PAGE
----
Other effects are not so visible. Debts weigh heavily on household finances, putting a damper on spending and putting investments like college tuition out of reach.
Svenja Gudell, senior director of economic research at Zillow, explains that rising home values helped bring millions out from underwater in the past few years. But that trend is fading as home price appreciation slows from brisk double-digit clips to a crawl. “Some homes are actually experiencing home value decline,” Gudell says. “We really didn’t have that before.”
As the larger housing market plods forward, the communities left behind fit a familiar profile: low-income, nonwhite and struggling with unemployment. Targeted with aggressive loans before the crisis, these neighborhoods are now thirsty for investment.
The trouble these communities have finding relief reminds some of the postwar practice of redlining, or shutting off black and Latino areas from bank services. “These communities were redlined for decades, and then when the crisis happened, they were ripe for predatory loans,” says Squires. “Now we’re seeing a return of old-fashioned redlining.”
A report Squires co-authored last year, titled “Underwater America,” pinpointed the 395 zip codes with the highest negative equity rates. In 64 percent of these, African-Americans and Latinos made up at least half the population. Thirteen of the zip codes fell in North St. Louis, including Ferguson, the site of popular unrest last year over policing and racial discrimination.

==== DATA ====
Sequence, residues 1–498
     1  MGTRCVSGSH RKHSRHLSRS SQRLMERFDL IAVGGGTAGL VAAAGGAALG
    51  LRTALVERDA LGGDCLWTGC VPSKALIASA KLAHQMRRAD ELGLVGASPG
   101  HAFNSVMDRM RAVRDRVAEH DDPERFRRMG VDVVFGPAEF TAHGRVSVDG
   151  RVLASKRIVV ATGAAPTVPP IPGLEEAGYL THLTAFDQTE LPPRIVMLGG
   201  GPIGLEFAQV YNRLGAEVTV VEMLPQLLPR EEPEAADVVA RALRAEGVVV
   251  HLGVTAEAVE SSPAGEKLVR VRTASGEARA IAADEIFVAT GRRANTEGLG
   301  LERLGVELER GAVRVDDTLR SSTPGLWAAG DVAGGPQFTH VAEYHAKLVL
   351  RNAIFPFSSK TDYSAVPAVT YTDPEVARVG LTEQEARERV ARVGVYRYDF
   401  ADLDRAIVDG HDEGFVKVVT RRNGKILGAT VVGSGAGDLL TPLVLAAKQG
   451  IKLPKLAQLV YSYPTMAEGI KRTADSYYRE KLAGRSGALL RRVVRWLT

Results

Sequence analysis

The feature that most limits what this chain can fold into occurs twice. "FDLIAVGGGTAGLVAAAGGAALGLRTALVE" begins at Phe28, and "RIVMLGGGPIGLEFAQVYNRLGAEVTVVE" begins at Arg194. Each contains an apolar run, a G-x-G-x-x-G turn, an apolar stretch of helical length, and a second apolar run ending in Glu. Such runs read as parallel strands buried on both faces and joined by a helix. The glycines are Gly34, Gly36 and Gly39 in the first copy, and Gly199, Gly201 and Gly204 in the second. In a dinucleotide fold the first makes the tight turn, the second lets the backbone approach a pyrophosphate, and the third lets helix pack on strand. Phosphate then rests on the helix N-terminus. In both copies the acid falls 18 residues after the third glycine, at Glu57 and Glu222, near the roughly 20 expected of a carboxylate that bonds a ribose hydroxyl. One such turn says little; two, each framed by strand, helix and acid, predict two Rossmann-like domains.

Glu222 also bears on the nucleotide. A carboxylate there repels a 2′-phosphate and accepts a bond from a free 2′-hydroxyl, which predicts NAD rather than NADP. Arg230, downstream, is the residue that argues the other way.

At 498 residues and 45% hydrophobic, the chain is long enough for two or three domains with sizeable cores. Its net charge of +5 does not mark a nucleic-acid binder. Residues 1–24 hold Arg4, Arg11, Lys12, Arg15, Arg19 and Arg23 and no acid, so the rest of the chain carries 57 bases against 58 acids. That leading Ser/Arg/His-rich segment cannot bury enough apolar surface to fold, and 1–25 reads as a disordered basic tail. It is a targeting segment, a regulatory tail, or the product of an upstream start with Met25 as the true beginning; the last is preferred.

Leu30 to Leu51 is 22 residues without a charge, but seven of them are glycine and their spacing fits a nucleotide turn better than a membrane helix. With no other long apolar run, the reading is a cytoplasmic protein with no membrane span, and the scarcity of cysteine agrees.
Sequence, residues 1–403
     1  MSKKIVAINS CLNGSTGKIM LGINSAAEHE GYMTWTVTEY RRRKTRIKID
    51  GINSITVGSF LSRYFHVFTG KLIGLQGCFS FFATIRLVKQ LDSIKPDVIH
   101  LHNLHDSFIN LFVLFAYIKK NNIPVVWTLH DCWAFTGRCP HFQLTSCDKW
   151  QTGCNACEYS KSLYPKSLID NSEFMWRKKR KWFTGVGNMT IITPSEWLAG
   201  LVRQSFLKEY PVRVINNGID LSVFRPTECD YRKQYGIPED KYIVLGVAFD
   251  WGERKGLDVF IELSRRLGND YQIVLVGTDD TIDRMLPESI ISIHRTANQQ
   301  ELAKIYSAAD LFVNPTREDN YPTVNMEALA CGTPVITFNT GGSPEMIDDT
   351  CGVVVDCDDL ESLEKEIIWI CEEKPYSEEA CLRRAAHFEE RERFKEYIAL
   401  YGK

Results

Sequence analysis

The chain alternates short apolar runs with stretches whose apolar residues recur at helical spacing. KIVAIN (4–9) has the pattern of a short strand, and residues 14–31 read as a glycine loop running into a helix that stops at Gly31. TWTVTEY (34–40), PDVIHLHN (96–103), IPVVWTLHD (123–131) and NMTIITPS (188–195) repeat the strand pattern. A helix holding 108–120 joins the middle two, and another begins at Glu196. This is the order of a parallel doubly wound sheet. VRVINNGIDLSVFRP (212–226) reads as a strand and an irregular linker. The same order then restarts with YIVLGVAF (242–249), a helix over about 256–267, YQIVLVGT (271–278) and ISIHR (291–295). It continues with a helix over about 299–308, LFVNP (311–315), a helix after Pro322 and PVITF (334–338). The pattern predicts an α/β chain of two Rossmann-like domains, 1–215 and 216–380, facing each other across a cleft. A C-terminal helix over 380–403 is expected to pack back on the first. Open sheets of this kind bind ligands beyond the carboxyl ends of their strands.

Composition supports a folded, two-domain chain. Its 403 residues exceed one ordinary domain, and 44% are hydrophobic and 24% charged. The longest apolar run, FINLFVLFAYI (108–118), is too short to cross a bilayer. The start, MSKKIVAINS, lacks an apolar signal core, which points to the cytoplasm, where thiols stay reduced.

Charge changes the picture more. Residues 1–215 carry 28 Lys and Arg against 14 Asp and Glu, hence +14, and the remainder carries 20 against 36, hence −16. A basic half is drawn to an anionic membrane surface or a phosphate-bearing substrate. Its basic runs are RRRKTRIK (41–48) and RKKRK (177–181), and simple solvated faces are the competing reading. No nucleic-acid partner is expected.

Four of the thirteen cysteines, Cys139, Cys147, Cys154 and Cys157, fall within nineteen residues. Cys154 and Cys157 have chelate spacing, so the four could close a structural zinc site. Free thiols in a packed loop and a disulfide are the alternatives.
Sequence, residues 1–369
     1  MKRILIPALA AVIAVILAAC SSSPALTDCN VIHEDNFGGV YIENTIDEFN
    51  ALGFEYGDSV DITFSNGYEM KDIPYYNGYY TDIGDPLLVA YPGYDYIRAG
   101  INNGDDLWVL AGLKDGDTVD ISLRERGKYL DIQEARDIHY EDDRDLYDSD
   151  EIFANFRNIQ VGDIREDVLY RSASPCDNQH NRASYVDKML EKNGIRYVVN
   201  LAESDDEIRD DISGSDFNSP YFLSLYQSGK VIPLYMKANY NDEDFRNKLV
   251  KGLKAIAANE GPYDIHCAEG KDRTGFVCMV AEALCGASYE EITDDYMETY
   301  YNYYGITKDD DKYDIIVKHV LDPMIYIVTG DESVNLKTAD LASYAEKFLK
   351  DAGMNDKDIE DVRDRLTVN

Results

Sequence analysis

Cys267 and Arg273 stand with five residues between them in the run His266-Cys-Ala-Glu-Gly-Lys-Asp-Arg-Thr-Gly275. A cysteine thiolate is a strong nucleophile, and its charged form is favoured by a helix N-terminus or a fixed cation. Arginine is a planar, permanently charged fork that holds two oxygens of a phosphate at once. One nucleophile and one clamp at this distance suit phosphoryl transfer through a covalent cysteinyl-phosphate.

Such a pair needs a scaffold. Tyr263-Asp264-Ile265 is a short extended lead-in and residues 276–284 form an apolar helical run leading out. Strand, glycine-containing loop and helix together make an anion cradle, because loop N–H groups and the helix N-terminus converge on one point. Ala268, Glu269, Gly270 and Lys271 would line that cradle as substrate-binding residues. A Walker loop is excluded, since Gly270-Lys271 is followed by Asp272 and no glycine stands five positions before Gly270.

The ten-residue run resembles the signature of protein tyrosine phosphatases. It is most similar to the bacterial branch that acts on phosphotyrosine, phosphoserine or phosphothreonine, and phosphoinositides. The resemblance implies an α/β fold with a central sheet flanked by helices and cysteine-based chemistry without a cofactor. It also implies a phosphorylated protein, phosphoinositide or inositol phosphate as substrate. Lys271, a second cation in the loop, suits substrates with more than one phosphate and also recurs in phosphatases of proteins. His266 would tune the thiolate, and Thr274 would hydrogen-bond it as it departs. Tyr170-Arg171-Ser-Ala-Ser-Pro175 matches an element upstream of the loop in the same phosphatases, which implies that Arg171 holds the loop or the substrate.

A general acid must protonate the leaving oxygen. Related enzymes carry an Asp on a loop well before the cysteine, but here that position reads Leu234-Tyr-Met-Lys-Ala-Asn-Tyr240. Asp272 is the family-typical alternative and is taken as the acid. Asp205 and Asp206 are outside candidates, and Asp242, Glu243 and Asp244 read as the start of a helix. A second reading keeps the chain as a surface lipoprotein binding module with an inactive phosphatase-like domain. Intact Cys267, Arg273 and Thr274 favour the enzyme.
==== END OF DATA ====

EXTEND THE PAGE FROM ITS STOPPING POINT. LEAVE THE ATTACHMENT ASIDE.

Since the report was published in early 2014, the situation in some cities has worsened. In Kansas City, Missouri, 43 percent of low-end mortgages were underwater in the previous quarter, up from 38 percent the year before. In Pittsburgh, the negative equity rate for bottom-tier borrowers notched up 5 percent. St. Louis saw its overall negative equity rate improve, while those in the lowest income brackets sank further underwater.
A New Normal
The situation may not be as dire as it sounds. For some, being underwater isn’t a pressing concern. Eventually, they hope, markets catch up. “We see homeowners willing to continue paying a $125,000 mortgage for a home that’s worth $25,000,” says Ingram.
But if home prices stall, the challenges for these communities will grow only steeper. Government support is flagging. The largely successful Home Affordable Refinance Program, a federal mortgage-relief effort, has benefited 3 million homeowners but is open to only some 600,000 more. A patchwork of various other programs has helped, but their impact is limited.
“There’s going to have to be some policy action because currently there really aren’t any options,” says Zillow’s Gudell.
In the absence of a policy solutions, the market is settling into a historically novel state of affairs, with wide swaths of American homeowners trapped paying more on their homes than they are worth.
Foster sees little hope of a turnaround. A foreclosed house down the block just sold for $38,000. “Half of these houses are not worth what they used to be,” she says.
Recently, Foster won a principal reduction on her house; her mortgage is now at a more attainable $55,000. Her monthly payments also came down to more manageable levels. But, she concedes, the house remains underwater. “Why sell when you can just live in there until you fall down?”